On August 30, 2016, the IRS issued final regulations clarifying the definition of "real property" for purposes of the Code's REIT provisions. One of the requirements for a REIT is that at least 75% of a REIT's total asset value must be represented by real estate assets, cash and cash items (including receivables), and government securities. Real estate assets are defined as real property and interests in real property. Thus, these new regulations are significant in determining what constitutes real property for purposes of the 75% asset test.
The final regulations provide additional guidance through a number of safe harbor tests and a discussion of the facts and circumstances to be applied where property does not fall within a safe harbor. The final regulations generally follow the approach set forth in the IRS's 2014 proposed regulations and generally apply to tax years that begin after August 31, 2016, however taxpayers may rely on the final regulations for quarters that end before the effective date.
The final regulations provide a framework that defines real property as including the following categories: land, inherently permanently structures, and structural components. In determining whether an item falls into one of these categories, the regulations first test whether the item is a "distinct asset."
The following chart sets forth the assets that are listed in safe harbors for the various categories, examples of assets that would be tested under the facts and circumstances tests, and examples of assets that would not qualify as real property under the final regulations.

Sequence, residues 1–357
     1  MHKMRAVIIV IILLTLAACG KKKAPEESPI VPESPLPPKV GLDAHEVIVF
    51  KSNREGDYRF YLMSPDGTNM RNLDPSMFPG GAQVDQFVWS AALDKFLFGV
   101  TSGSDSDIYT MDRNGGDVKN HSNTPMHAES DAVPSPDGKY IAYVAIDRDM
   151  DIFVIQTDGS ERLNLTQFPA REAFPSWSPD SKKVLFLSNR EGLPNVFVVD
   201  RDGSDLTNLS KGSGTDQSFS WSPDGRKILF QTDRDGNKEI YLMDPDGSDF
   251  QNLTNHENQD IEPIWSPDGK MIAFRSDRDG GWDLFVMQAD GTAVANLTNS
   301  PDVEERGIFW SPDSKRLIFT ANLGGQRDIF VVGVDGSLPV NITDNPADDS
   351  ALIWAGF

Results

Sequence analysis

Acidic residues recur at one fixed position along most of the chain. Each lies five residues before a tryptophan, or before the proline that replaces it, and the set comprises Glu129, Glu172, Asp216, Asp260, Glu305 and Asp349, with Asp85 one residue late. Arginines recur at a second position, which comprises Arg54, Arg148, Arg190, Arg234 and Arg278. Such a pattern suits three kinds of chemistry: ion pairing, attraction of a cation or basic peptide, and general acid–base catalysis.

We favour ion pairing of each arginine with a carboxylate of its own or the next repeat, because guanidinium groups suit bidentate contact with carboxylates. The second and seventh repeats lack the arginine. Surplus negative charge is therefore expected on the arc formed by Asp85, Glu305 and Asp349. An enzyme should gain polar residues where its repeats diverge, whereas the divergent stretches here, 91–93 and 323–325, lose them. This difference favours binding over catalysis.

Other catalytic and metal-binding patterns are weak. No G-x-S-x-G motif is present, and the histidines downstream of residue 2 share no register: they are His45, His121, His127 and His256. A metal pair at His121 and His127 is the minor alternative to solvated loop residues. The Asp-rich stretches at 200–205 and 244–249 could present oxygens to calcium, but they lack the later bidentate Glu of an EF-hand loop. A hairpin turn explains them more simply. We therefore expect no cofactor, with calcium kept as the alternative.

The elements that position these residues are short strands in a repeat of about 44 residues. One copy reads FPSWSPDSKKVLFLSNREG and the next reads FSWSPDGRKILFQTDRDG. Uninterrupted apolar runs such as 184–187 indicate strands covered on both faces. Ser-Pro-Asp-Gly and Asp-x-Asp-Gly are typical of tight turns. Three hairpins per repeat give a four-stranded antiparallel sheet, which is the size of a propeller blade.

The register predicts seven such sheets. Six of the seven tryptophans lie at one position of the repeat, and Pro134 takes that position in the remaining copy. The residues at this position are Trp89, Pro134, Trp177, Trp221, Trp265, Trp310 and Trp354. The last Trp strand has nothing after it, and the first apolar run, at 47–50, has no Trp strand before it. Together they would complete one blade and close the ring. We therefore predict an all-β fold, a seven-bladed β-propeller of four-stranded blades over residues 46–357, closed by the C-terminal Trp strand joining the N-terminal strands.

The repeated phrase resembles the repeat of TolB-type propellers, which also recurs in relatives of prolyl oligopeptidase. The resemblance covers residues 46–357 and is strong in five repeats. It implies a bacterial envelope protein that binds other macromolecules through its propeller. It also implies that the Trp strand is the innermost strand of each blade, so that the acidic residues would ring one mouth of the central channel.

While creating more certainty with respect to what types of assets are considered "real property," in some cases, these new regulations may preclude certain arguments that some tax practitioners may have been using with respect to particular assets. For example, the final regulations make clear that certain elements of pipeline distribution systems, such as meters and compressors, will be tested as distinct assets and will not qualify as real property if they serve an "active" function. In the past, taxpayers may have had more room to argue that such assets were part of the related real property assets.
For more information, please contact one of the authors of this alert, Joseph K. Fletcher, III, Partner, at 310.556.7825 or email@example.com, or Michael J. Chambliss, Associate, at 310.282.6295 or firstname.lastname@example.org, or your Glaser Weil relationship attorney.
This article is intended for informational purposes only and is not intended as a substitute for legal counsel. It does not establish, and receipt of it does not constitute, an attorney-client relationship.